First among those requests was an indoor market in Pleasantville, and Foodchester answered that with the January 5th opening of the indoor market at the Pleasantville Middle School. Steven notes that it quickly became the largest indoor winter market in the region, and says that, as of this past weekend, they have addressed the entire list: more cold drinks, beer, gluten-free options, middle eastern food, cut flowers, and lower prices on poultry. “This year, we have 24 new vendors acting on every one of those requests.”



Fans of this market (and there are many—a 2011 Farm.org survey named it the fourth most popular farmers market in the state) will find their favorite purveyors from previous seasons as well. 150ish loved the diversity of this market—it’s well curated with a good balance of farmers and foodstuffs both ready-to-eat and to take-away.



And clearly that’s not by accident. According to Steven, “We have a 12-point criteria list for potential vendors. In addition to being local, or making food with local products, we like to see things that aren’t at other markets.”



We’ll be telling you the story behind Pleasantville venders like Lazy Crazy Acres Farmstead Creamery and their “cow to cone” gelato in the coming weeks, but here are a just a few of the many highlights.



The deservedly praised Buddhapesto is available here. The New York Times has called this “pesto bliss,” and Francesca agrees.



We’ve been enjoying jam from Margery Schiffman’s Conant Valley Jams for years and were so happy to find them here at Pleasantville for the first time. The “Blubard” (Gingered Blueberry Rhubarb jam) and Blood Orange and Meyer Lemon Marmalade are stand-outs, but hurry and get their Wild Ramp Pesto before it’s too late.



Krazy For Kazu’s offers a tasty ginger salad dressing and ponzu sauce in both regular and gluten-free versions. There was a delicious tasting of Brussels sprouts sautéed in the ponzu sauce.



We were happy to be introduced to Pika’s Farm Table, which makes Belgian waffles (that smelled incredible), as well as quiches and potpies, tarts, soups, and seasonal dips and tapenades. Try the salsa!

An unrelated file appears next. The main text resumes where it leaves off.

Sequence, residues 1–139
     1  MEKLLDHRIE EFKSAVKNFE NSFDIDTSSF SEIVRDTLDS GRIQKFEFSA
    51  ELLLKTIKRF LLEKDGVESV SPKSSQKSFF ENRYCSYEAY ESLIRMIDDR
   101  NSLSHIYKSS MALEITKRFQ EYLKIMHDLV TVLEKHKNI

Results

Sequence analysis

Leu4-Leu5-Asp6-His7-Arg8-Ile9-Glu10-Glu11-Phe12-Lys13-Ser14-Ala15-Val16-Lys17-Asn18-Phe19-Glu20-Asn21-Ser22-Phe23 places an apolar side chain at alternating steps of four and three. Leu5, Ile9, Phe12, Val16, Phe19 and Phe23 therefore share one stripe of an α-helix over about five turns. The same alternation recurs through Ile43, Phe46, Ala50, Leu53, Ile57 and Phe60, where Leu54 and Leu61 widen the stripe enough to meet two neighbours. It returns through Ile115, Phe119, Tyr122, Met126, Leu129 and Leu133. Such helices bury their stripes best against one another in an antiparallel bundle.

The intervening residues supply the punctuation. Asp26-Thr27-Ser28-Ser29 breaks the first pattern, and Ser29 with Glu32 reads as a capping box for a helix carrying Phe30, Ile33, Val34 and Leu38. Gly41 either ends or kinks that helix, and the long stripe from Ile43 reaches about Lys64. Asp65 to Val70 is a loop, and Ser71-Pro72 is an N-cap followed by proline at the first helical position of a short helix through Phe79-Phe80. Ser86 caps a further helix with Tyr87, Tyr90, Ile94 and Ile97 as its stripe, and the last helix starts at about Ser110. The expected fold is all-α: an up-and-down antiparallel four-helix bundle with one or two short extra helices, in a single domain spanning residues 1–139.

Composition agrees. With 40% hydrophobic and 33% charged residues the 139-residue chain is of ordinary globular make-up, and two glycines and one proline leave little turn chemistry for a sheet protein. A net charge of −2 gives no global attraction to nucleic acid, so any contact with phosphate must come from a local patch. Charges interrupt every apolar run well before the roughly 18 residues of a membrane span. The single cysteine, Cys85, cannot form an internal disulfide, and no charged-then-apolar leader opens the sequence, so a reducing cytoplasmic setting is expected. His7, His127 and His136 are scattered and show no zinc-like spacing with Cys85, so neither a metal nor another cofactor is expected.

The Amazing Real Live Food Co. has a line of cheeses (including a tasty Camembert-style), many of which are probiotic-enhanced. There’s also a probiotic-enhanced ice cream line.



150ish arrived too early to sample
Aba’s Falafel
, but they come highly recommended by a number of the other purveyors. Steven Bates singles them out as well, noting that their preparation (freshly fried falafel on freshly baked pita) is extremely entertaining. And while the chickpeas are not local, much of the rest of the ingredients are, including those in the three Israeli-style salads that are sourced from regional farms at the market.



Those looking for local libations will find Breezy Hill Orchard & Cider Mill (selling fresh and hard cider alongside baked goods and fresh pasta), Captain Lawrence Brewing Company, Drink More Good natural sodas and syrups, and a rotating selection of wines from Adair Vineyards, Tousey Winery, Warwick Valley Winery, and Whitecliff Vineyard.



For baked goods, there’s All You Knead Artisan Bakers, Bobolink Dairy and Bakehouse (for both bread and cheese), Bread Alone, Dutch Desserts, Little Croc Bakehouse (vegan, nut- , and gluten-free), and Red Barn Bakery, Spoonful of Sugar Bakeshop (gluten-free).



Dairy products, fresh meat and poultry abound from such farms as Butterfield Farm Company (goat’s milk cheeses and yogurt), Cowberry Crossing Farm (eggs, chicken, beef, pork, lamb, and rabbit), Feather Ridge Farm (eggs and chicken), Hudson Valley Duck Farm (whole ducks, breasts, delicious duck bacon, confit, and other products), Kiernan Farm (grass-fed, dry-aged beef), Pura Vida Fisheries (fresh catch direct from Long Island), and Raghoo Farms (eggs, poultry, goat, lamb, and elk).



Other variety foods include Bombay Emerald Chutney Company, Go-Go Pops (with 70 varieties of artisan fruit pops), Orto Foods (kale chips and other vegetable crisps), Pickle Licious, Spice Revolution, Stefan’s Pure Blends, and Trotta Pasta.



And yes, there are also farm stands! Eden Farms Greenhouse (for plants and flowers), J & A Farm (herbs are a specialty), Little Seed Gardens, Madura Farms (with 12 to 15 different types of mushrooms), Mead Orchards, Newgate Farms, North Winds Lavender Farm, Shawangunk Growers, and the River Garden keep this farmers market green and blooming.